Where It’s At ... Oscar shorts at the Harbor Theater
The 90th Annual Academy Awards are coming up this Sunday and you can bet I’ll be watching – along with everyone who loves everything movies and the art of acting. We can’t be kept away from our TV screens for those hours (and hours) this event is broadcast. I honestly don’t think I’ve missed but two or three since 1970!
We all have our favorites and watch with “oh I hope so and so wins” running through our heads – whether it’s for best actor, actress, film, director, screenplay, set design, costuming, etc. In 2016, for me, that actor was Leonardo DiCaprio for his stellar performance in “The Revenant.” He doesn’t know it, but like the audience of his peers that evening, I, too, leapt to my feet when his name was announced as best actor.
Winning an Oscar is still a big deal. Like Sally Field said in her Best Actress acceptance speech for “Places in the Heart,” “ … You like me right now, you really like me.” Academy members, like 6,000 of them, cast their votes for nominees in their particular branch – actors nominate actors in all categories, directors nominate directors, etc., and everyone, regardless of branch, has a say on Best Picture. Then all 6,000 members vote, again regardless of branch, for the Oscar winners. You can pick your own winners on the Oscars’ website.
But, if you want the opportunity to vote – and see every film you’re voting on – go to the Harbor Theater where the Live Action Short Films and Documentaries will be screened. Documentaries, split into two sections, will be shown on Thursday, March 1 at 2 p.m. and Friday, March 2 at 2 p.m.; Live Action Short Films will be shown Thursday, March 1, 7 p.m.
But, let’s not kid ourselves; though short, these films can be quite powerful. Here are some, based on the trailers, I want to see. “My Nephew Emmett,” by New York University graduate student Kevin Wilson Jr. is just 20 minutes long, but they look like 20 tension-filled minutes. It’s based on the true story of the 1955 murder of Emmett Louis Till in Mississippi. The 14-year-old boy had just moved to the land of Jim Crow from Chicago to live with his uncle Mose Wright. After a white woman accuses Emmett of flirting with her in a store, the store owner Roy Bryant and his half-brother J.W. Milam brutally beat and kill the boy. The racist pair force Mose to choose between protecting the boy, in which case they will kill the rest of the family, or giving them the boy and saving the others’ lives.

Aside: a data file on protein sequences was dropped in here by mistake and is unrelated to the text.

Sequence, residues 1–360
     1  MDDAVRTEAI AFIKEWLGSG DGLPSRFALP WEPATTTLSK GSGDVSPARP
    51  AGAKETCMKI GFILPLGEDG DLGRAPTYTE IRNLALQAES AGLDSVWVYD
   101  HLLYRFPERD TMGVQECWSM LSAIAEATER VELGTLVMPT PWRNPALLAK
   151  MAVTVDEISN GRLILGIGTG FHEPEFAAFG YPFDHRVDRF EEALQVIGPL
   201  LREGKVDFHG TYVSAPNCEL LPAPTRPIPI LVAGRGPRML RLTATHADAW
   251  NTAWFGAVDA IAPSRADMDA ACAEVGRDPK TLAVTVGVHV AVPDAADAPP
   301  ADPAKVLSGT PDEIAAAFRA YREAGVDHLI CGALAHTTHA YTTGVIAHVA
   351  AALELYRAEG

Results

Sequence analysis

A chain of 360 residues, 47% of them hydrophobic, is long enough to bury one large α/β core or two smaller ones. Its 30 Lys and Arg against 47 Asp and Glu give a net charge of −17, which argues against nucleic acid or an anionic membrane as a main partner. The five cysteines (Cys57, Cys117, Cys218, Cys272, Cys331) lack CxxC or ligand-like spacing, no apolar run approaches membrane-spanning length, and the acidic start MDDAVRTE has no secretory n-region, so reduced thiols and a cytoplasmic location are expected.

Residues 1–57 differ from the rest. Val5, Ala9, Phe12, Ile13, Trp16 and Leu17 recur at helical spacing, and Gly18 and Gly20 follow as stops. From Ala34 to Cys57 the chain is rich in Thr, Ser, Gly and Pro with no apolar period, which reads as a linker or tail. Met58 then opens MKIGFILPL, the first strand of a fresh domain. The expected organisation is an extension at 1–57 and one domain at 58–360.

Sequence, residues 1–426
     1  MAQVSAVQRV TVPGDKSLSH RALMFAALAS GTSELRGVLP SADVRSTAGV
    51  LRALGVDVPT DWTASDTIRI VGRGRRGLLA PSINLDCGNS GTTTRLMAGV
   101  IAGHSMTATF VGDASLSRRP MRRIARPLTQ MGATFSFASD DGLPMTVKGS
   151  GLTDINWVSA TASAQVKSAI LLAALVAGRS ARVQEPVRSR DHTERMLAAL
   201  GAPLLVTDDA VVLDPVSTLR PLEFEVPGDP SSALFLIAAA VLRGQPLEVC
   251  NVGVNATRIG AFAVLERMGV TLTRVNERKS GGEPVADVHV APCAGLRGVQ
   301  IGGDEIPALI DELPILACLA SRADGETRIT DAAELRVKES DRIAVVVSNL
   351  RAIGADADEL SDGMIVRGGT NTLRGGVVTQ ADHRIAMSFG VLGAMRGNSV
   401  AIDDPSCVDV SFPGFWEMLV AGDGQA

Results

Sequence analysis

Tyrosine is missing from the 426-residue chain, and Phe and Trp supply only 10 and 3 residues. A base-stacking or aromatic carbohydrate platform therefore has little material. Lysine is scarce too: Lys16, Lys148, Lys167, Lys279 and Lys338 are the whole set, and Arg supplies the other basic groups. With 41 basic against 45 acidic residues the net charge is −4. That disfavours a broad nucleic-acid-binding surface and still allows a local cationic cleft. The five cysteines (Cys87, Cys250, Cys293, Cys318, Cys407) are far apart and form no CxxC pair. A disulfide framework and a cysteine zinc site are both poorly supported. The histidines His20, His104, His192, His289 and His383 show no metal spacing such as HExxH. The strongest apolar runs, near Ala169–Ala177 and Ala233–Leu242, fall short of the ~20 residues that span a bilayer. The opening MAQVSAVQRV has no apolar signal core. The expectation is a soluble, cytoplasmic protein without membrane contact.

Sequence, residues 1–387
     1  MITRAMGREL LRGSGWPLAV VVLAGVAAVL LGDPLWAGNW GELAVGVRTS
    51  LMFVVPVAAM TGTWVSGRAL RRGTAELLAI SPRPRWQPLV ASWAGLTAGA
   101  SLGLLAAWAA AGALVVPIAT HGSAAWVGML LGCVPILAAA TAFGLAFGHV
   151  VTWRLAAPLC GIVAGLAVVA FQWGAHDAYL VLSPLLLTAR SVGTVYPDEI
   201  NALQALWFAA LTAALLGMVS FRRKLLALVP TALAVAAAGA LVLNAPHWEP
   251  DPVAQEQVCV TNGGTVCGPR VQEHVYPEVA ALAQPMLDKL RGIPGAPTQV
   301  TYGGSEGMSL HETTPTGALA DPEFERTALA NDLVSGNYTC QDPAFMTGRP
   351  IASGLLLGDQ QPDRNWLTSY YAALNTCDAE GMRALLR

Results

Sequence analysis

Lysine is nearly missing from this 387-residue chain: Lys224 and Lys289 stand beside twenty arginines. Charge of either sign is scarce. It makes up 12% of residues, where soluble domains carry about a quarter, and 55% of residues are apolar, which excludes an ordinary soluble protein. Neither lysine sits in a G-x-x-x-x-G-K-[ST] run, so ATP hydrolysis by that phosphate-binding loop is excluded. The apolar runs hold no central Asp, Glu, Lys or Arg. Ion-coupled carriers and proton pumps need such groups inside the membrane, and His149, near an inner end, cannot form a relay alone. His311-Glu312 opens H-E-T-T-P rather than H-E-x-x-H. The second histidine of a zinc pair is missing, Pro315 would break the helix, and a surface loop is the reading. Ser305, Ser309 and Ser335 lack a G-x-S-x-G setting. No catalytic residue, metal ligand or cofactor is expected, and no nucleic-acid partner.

Wilson wrote and directed the piece. In an interview with CBS News, Wilson said, “I'd been studying it for decades, and it became a part of who I was. By the time I was at NYU, I'd become a father, so I wanted to explore the specific viewpoint of the uncle who was responsible for Emmett's care during the time he was murdered. I hadn't seen much from his perspective ever … I wanted to explore that feeling about having to make the decision between having your nephew abducted and murdered, or having your entire family murdered. That was something worth discovering through cinema."
Lighter fare comes from Australia with “The Eleven O’Clock,” written by Josh Lawson and directed by Derin Seale. A psychiatrist begins seeing a new patient who suffers from delusions; one in particular is that this patient thinks he is the psychiatrist. What’s cool about this comedy is that not until the last minute does the audience know who the actual psychiatrist is.
"Watu Wote/All of Us” by Katja Benrath, of the Hamburg Media School Master Class program, was made in Kenya and is based on the 2015 Mandera Bus attack by the terrorist group Al-Shabaab on Dec. 21, 2015. The passengers had just embarked on a 31-hour bus ride when the terrorists start shooting at the bus and then demand that the men, women and children are separated into two groups – Muslim and Christian. The Muslim women give the Christian women and their children hijabs to disguise them, and tell the terrorists that everyone on the bus is Muslim. This film, though horrifying, sounds inspirational as well.
Check out the trailers accompanying this column on the Boothbay Register and Wiscasset Newspaper websites. But, why stop there? Check out all of the trailers before buying your tickets to the Harbor Theater’s screenings. And … don’t forget to vote! Then be sure to tune into the Oscars on Sunday, March 4 on ABC at 8 p.m. You may be leaping to your feet in your living room because your pick(s) will be accepting that coveted statuette!